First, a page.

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New Mexico’s families of color already feeling climate change’s effects

New Oakville North additions put pedestrians first

July 27, 2021 by  
Filed under Eco, Green, Recycle

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Most master-planned communities take into account things like location to central services and inclusion of a gym, but North Oak at Oakvillage, a multiphase condominium development in Oakville, Canada, builds housing units while incorporating sustainable building practices, too.  Oakvillage is a pedestrian-first community with a focus on connecting to the nearby natural elements of the area. A scenic, 1.5 kilometer multipurpose trail is woven throughout the community. Moreover, onsite trails lead to 300 kilometers of additional trails as well as pristine forests and meadows surrounding Oakvillage. Residents can hit the Sixteen Mile Creek, Bronte Creek Natural Park and Lions Valley Park. In the future, the complex will connect to a planned restaurant and retail complex via a pedestrian-only trail. The master plan presented four phases of construction. With the first three phrases well received and sold out, Minto Communities, the building company behind the project, has launched North Oak Phase 4.  Related: A sustainable campus is built from 22 recycled shipping containers The project is exploring ways to build human and environmental health considerations into a multi-unit complex. This initial tower will debut the developer’s first multi-residential geoexchange energy system. Geoexchange is an energy-efficient way of tapping into Earth’s naturally stable underground temperatures. While it’s not new technology, in Canada and other areas, it has mostly been used for single-family residences. With a geoexchange system, there’s no need for extreme variations in order to heat or cool the air because it’s already temperature-controlled year-round. These systems have been shown to reduce carbon emissions as much as 70%, a particularly big environmental win for a multi-family space. “We’re thrilled to launch North Oak’s second tower, 4B, after the tremendous success of our launch of tower 4A earlier this year. North Oak is our first project to offer community energy through a geoexchange system and the response from purchasers so far has been positive,” said Roya Khaleeli, Director of Sustainability and Innovation for Minto Communities GTA. “Not only will residents benefit from this leading-edge technology, we know they’ll also benefit greatly from the wellness-inspired approach that’s seen through every touch point — from the walking paths and pedestrian prioritization to the beautiful gardens with native plantings and the bright interiors with natural materials and biophilic design incorporated throughout.” With the recent pandemic fresh in the minds of developers, they created a concept they call the “Neighbourhood Nest,” which is a centralized space with eye-catching architecture that will connect North Oak to the future tower next door. This area is designed for social gatherings and also serves as an emergency response center with back-up power, a communications system and refrigeration. Large glass walls provide natural light and further encourage the connection between inside and outside. At the lobby entrance, an expansive planter filled with native species greets residents. Just outside the building, green spaces and a pond are nestled into the landscape. Suites at North Oak are offered in one-bedroom, loft, two-bedroom and two-bedroom plus den options, with suites starting in the mid-$400s. + Minto Communities GTA Images via Minto Communities GTA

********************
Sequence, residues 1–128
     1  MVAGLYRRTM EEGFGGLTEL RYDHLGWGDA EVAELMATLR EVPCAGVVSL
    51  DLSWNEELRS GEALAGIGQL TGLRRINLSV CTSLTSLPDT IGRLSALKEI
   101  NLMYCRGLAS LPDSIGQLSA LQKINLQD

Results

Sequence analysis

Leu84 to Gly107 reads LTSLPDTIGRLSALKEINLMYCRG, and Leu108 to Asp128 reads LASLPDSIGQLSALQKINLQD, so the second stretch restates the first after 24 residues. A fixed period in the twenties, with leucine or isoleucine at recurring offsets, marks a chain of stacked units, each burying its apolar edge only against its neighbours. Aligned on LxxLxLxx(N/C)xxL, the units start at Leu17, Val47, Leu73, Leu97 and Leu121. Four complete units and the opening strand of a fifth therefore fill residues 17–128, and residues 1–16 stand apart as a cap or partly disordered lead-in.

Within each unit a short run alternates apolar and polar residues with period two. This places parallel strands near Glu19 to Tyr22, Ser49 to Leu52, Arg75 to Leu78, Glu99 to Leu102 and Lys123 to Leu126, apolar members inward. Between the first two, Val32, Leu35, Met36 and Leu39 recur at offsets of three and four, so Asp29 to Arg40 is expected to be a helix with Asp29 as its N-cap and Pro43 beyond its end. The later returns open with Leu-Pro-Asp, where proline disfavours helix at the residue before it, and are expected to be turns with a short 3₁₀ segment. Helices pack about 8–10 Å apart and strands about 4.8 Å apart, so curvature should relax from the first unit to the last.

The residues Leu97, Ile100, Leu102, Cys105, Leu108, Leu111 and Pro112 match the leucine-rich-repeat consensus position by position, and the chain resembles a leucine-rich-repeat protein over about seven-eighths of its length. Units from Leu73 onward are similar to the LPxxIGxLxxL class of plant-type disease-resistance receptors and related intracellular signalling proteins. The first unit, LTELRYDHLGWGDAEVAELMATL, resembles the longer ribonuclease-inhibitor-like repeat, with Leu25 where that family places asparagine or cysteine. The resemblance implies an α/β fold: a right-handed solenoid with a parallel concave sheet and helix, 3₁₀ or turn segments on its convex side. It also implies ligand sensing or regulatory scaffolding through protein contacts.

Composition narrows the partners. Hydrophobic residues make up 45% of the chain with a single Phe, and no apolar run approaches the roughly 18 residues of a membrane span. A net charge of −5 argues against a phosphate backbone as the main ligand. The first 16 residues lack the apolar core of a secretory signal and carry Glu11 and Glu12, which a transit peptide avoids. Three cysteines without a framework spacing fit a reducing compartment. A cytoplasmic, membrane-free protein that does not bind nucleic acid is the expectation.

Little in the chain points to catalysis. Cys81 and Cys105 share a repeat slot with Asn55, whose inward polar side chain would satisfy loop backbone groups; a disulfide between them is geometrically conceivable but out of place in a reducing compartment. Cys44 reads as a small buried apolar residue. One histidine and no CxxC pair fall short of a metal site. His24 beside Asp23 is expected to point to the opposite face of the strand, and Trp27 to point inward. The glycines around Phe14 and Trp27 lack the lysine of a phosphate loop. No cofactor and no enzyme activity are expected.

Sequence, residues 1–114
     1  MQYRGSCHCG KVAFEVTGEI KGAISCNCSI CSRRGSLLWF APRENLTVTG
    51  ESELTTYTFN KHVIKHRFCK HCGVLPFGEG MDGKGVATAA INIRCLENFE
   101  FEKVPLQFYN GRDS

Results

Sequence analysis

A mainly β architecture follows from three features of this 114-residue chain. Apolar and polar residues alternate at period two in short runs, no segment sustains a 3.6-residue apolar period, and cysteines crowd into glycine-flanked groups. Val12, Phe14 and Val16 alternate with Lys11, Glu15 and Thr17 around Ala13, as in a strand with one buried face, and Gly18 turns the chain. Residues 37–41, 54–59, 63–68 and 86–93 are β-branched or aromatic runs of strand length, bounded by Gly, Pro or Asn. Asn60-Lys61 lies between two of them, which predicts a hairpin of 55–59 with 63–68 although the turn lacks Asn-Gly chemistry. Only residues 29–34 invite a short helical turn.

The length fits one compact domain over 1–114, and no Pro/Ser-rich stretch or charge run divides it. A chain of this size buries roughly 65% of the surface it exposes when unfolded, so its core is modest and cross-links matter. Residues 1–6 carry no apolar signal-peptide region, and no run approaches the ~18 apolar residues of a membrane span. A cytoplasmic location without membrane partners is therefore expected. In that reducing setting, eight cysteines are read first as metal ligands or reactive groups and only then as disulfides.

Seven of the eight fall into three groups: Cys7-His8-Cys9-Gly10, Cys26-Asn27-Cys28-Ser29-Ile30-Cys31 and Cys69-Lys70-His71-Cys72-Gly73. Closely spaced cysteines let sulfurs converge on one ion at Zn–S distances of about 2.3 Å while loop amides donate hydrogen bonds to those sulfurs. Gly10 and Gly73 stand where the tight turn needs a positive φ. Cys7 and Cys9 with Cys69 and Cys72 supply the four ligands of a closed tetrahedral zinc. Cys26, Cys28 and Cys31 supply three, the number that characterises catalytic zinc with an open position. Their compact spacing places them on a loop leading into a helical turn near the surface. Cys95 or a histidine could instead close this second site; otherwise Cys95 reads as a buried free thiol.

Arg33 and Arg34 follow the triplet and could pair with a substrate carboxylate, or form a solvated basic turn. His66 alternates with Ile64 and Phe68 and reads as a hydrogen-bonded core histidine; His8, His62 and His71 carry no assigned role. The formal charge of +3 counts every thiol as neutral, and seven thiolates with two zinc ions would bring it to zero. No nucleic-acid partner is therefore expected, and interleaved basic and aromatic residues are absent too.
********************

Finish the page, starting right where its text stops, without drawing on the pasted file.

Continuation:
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New Oakville North additions put pedestrians first